Here's some 2010 midterm election commentary ripped straight from the headlines -- of 1886.
As we all know by now, the story of the 2010 campaign season was the torrent of secret, unaccountable corporate cash used to saturate the airwaves with false, or nearly false, pro-Republican advertising. I live in an upper South border region, prime natural habitat for Blue Dog Dems, and here the commercials aimed at southern Indiana's Baron Hill and central Kentucky's Ben Chandler rendered even the World Series almost unwatchable.
Overall campaign spending made 2010 the third most expensive election ever, behind 2004 and 2008. Fred Wertheimer, president of the nonprofit Democracy 21, told Politico that about $200 million was being spent by outside groups that did not disclose the sources of their money.
It is generally acknowledged that the deluge of midterm campaign cash was unleashed by a conveniently timed January 2010 Supreme Court ruling, in the Citizens United case, which enshrined corporations' right to spend money in political campaigns as an essential First Amendment protection. Adding his voice to the majority in that case, Justice Antonin Scalia gushed, "To exclude or impede corporate speech is to muzzle the principal agents of the modern free economy. We should celebrate rather than condemn the addition of this speech to the public debate."
Slate magazine's legal correspondent, Dalia Lithwick, cleverly dubbed Citizens United "The Pinocchio Project" because it sought to turn an artificial corporation into a real boy. But the Pinocchio Project has been going on for a long time. In fact it goes back to -- you guessed it -- 1886.
That was the year when the U.S. Supreme Court issued its opinion in the case of Santa Clara County vs. Southern Pacific Railroad. It was a property tax dispute in which, among other things, the railroad challenged the county's right to assess corporate-owned land by a different standard than that used for privately owned land. And it became the precedent for the claim that corporations are persons, entitled by the 14th Amendment, with equal protection under the law, protections equal even to those afforded the recently freed slaves for whom that amendment was actually written.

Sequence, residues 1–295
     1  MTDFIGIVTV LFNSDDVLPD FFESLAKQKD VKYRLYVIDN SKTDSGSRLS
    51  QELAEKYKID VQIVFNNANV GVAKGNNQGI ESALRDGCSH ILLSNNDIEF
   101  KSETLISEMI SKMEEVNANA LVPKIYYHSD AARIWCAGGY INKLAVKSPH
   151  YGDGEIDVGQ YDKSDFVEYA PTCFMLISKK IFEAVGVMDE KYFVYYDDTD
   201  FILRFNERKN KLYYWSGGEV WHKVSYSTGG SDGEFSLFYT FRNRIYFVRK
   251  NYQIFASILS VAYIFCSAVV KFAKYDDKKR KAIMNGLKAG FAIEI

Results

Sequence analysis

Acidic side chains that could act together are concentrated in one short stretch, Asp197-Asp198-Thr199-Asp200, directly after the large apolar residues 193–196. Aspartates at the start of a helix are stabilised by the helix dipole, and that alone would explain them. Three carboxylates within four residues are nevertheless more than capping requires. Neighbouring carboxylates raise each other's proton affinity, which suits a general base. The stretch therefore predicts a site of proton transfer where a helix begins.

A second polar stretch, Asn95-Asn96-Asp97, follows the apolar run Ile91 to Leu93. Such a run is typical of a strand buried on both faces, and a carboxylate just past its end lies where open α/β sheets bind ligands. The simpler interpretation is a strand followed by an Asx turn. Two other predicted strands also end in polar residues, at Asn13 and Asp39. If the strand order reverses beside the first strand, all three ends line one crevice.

This notion that corporations are persons, with all the same rights as real human persons, has poisoned American politics and culture ever since. It's been used to thwart limits on commercial advertising. It has twisted copyright laws, intended to benefit artists, to give the likes of Disney and the big record companies a stranglehold on our common heritage. And now it allows big business to buy our elections.
Corporate personhood is, of course, a pernicious, and even blasphemous, fiction. Corporations don't have to breathe the air or drink the water. They don't have to raise the next generation. They operate at the moral level of sharks. They eat and swim, with profit as their only drive. Williams Jennings Bryan knew all this in 1912, when he thundered:
Man [sic] is the handiwork of God and was placed upon earth to carry out a Divine purpose; the corporation is the handiwork of man and created to carry out a money-making policy ... Man acts under the restraints of conscience, and is influenced also by a belief in a future life. A corporation has no soul and cares nothing about the hereafter.
During Franklin Roosevelt's first term in office, the Supreme Court opposed many of the measures the president felt were needed to lift the country out of the Great Depression. Roosevelt didn't whine or opine. Instead he tried to pack the court. He failed, but he got the justices' attention. We could use some of that presidential spunk and backbone now.
Danny Duncan Collum, a Sojourners contributing writer, teaches writing at Kentucky State University in Frankfort, Kentucky.